The mad mare who replaced my deceased hero, will have none of me; her back is one perpetual arch, her eye a maniacal glare, her slender but badly scarred legs move in fitful prancing. I sweat, I swear, making ineffectual dabs with my brush, I seize her legs and hold them up by main force, she lurches at a dangerous angle and threatens to fall on top of her tormentor; or actually lifts the other leg and drops on her knees. The chieftain regards me coldly in stern aloofness, unresponsive to my encouraging pats, his hard little underlip set firm. I groom at his sturdy hocks, which he permits for a while, motionless, indifferent; smack! with lightening rapidity he has lifted his foot and stamped in the vicinity of my boot. But I like him, though my passion is, and always will be, unrequited.
Blue propaganda balloons have been released at intervals and gone sailing over our heads to drop their mental bombs on Fritz’s lines.
Have been amusing the establishment with drawings of my companions. Jock is writing a letter on his to send his wife. The plebeian considers I have given him too wild a glare in the eye. In mortal combat with Demon Mud, in plastic form on the ground, and in concrete stalactites on the mules. The weather is getting like the moist head of Auckland. Not that I’ve got any quarrel with Auckland.
Broad marks across the fields show where tanks have passed, pressing the young crops down into the soft earth.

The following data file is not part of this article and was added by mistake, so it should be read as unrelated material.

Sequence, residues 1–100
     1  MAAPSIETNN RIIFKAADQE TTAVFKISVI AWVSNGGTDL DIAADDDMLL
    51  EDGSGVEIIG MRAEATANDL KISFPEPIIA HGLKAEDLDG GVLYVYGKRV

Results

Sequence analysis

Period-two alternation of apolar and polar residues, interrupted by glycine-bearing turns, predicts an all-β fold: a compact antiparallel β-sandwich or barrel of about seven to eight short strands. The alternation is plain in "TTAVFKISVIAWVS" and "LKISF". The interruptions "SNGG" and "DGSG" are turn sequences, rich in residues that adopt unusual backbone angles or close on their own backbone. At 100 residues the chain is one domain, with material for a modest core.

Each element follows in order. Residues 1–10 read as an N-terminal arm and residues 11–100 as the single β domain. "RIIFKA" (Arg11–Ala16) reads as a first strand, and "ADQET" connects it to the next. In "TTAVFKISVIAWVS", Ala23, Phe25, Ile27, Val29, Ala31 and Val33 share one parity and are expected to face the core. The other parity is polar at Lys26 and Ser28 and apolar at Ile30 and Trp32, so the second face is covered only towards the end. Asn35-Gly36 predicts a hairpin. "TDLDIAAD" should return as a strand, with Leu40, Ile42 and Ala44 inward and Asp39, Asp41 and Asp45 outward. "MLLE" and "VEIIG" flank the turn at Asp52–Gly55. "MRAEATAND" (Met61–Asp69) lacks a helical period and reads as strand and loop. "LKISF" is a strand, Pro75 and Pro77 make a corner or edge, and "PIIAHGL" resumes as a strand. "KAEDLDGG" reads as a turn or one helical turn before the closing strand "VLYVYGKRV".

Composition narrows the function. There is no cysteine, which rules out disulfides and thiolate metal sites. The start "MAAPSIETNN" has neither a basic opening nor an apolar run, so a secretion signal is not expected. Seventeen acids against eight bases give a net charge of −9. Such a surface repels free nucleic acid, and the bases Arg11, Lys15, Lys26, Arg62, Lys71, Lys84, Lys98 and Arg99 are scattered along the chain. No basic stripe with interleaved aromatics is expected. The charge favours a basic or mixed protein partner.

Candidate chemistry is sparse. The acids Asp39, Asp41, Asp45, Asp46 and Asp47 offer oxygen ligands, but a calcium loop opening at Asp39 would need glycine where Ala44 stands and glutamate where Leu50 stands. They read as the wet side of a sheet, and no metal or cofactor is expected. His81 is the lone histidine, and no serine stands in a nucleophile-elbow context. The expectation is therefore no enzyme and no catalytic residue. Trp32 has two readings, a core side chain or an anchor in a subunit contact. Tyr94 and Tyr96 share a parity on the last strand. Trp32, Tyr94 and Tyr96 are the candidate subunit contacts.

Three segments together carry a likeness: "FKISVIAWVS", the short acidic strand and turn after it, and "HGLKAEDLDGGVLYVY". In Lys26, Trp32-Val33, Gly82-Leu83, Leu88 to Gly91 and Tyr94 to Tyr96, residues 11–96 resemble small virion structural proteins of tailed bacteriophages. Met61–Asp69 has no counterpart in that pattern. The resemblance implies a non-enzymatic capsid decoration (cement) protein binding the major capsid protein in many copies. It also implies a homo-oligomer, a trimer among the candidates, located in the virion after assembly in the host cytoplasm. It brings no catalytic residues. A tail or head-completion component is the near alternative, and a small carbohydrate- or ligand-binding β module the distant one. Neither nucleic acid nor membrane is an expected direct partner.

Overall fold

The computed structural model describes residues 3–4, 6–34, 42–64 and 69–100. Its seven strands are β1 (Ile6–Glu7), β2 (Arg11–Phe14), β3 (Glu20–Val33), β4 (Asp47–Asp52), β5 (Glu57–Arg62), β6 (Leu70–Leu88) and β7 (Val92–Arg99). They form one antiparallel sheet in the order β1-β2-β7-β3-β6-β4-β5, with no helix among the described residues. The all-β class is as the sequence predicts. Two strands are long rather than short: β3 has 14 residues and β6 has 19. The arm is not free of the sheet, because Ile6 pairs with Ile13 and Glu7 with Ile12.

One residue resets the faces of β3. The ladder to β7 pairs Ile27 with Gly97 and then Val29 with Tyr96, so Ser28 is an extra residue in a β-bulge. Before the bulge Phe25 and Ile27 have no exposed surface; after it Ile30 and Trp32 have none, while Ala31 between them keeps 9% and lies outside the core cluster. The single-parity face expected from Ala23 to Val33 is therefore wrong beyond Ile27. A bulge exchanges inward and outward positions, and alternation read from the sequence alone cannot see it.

Good tobacco being temporarily unobtainable I’m making shift with a vile concoction of issue stuff and a sort of black-twist costing the huge sum of 2½d a stick. Though so unlike our bush in matters of detail and lack of undergrowth, the tout ensemble of these old-world woods is reminiscent of our own. Patchy grass in place of our undergrowth showing up the boles of the trees and giving a spacious air. The sound, too, of a chorus of birds of the one hemisphere is very like that of the other.
I was deceived in Duron Lagniez. I thought him a land salesman. After “long argument about it and about it” I must admit that it is the iron gates, on which his legend appears, of which he is, or was, the “constructeur”. I now picture him as a master smith with a square black beard and authoritative bearing, his very gait recrudescence of business. We hear that the redoubtable Von Mackensen is after our gore, but are more put out to hear that the Colonel is going to spring a surprise visit on us soon.
[Image: Sketch by Lincoln Lee, titled “(Driver Jones) Our ‘Bivvy’ of Bus 1918”]
For the first time heard a Cuckoo. The note is soft and mysterious, well represented (without the mystery) by the cuckoo clock. I may remark that the Argentine Songster, of whom I gushed one fine morning, looks to be a species of linnet and his note is only a cheerful whistle, but in that period before dawn when “The casement slowly grows a glimmering square”, (N.B. No casement in our bivvy) it seemed a subtler thing.
To show you the extraordinary chances of war – you will remember how a solitary shell casualtied between 20 and 30 horses; today a shell burst right in front of a wagon team. The underneath part of the wagon itself was much damaged and the pole almost severed; the shell-splinters must have passed between the legs of all six animals, 24 legs, without touching one of them, their drivers, or the men aboard the vehicle.
The woods are clothing themselves in foliage, copper beaches are noticeable, the fruit blossoms are commencing to fall.
[Image: A 5.9 shell bursts close to the New Zealand reserve line, during World War I, causing a large cloud. Photograph taken near Courcelles, France, 4 May 1918 by Henry Armytage Sanders. Alexander Turnbull Library, Wellington. Ref: 1/4-009515-G]